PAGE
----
methods of oxidants, but for the purpose of this article, the main categories are presented here.

Numerous separation and destructive technologies are in the developmental stages of bench-scale testing or limited field-scale demonstrations. Some of these are listed in Table 1:

Conclusions

The well established processes for removing PFAS from water all produce residuals that require management, and it is likely that newer processes under development will also produce some residuals. Often, it is the residuals that limit the usefulness of the process. For instance, RO and NF may currently provide the most complete treatment of water, but the production of a relatively high volume of PFAS-containing liquid reject (the portion of the liquid that retains the contaminants and is “rejected” from the process) limits their application. Often, a second treatment technology such as an adsorbent is required to support the main technology by concentrating or treating the residuals. As more testing and operational data on adsorbents are generated, it is becoming evident that no adsorbent technology outperforms the others in all cases. Whether GAC, ion exchange or another technology is the most technically efficient and cost effective long term option for a given site depends on influent water geochemistry and contaminant concentrations, treatment standards, co-contaminants, duration of treatment, and required flow rates. New generation adsorbents are rapidly being introduced into the market at “evaluation scale” which may provide advantages over commercially available adsorbents. Several newer technologies are being evaluated in the lab and in the field which include electro-oxidation, heat-activated persulfate, sonolysis, electrocoagulation, low temperature plasma, super critical water oxidation, and foam fractionation. These and other potential treatments for PFAS are still largely in the developmental stage. Several technologies show promise for improved management of PFAS sites. However, it is unlikely that a single technology will be adequate for full remediation at many sites. A multi-technology treatment train approach may be necessary for effective treatment of this complicated group of compounds.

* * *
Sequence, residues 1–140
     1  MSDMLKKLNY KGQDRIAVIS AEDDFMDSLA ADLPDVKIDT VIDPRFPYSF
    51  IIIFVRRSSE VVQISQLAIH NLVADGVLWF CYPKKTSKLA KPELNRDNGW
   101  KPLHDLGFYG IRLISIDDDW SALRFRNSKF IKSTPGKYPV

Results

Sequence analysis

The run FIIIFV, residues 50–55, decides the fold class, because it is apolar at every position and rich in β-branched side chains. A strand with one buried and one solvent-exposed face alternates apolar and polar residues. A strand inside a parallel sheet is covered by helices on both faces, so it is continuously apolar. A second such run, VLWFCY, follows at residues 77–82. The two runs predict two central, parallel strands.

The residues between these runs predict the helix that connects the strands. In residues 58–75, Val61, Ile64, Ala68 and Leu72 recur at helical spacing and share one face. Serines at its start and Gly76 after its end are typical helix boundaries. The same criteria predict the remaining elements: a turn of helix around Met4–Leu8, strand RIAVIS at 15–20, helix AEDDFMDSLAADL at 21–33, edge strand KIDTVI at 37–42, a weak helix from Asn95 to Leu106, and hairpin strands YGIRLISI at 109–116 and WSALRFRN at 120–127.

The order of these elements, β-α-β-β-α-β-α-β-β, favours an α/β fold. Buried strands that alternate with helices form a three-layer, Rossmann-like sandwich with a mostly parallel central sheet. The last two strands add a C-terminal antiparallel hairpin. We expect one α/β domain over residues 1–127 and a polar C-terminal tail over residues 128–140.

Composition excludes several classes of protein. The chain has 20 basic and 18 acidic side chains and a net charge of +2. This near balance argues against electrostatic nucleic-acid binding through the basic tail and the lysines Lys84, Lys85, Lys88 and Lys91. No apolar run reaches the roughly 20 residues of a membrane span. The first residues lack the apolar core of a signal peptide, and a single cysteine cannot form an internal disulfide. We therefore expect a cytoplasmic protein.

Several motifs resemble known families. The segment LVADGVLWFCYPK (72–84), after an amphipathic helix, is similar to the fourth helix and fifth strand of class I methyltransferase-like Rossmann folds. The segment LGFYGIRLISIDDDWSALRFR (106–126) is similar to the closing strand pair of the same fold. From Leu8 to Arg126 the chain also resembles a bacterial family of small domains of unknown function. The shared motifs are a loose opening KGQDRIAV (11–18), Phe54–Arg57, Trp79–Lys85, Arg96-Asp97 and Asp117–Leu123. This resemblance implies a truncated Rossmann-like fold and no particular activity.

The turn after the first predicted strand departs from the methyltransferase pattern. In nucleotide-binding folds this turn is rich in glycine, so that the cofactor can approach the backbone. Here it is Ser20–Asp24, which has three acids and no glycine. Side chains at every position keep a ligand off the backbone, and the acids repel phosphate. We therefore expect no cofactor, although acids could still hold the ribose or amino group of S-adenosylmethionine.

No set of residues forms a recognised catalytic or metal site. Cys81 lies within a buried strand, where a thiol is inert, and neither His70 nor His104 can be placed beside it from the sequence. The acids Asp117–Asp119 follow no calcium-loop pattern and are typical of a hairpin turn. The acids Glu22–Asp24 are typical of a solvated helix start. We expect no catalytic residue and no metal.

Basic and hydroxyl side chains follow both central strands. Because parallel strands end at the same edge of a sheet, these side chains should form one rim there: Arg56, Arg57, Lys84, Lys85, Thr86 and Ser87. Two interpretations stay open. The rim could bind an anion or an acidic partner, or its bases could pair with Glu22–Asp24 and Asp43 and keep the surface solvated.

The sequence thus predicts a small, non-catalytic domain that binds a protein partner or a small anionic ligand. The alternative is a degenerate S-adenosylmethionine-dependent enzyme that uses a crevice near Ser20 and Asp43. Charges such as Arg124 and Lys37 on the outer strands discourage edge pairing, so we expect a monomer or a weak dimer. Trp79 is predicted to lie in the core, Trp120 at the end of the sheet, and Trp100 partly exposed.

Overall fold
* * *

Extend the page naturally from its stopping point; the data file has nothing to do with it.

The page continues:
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See Also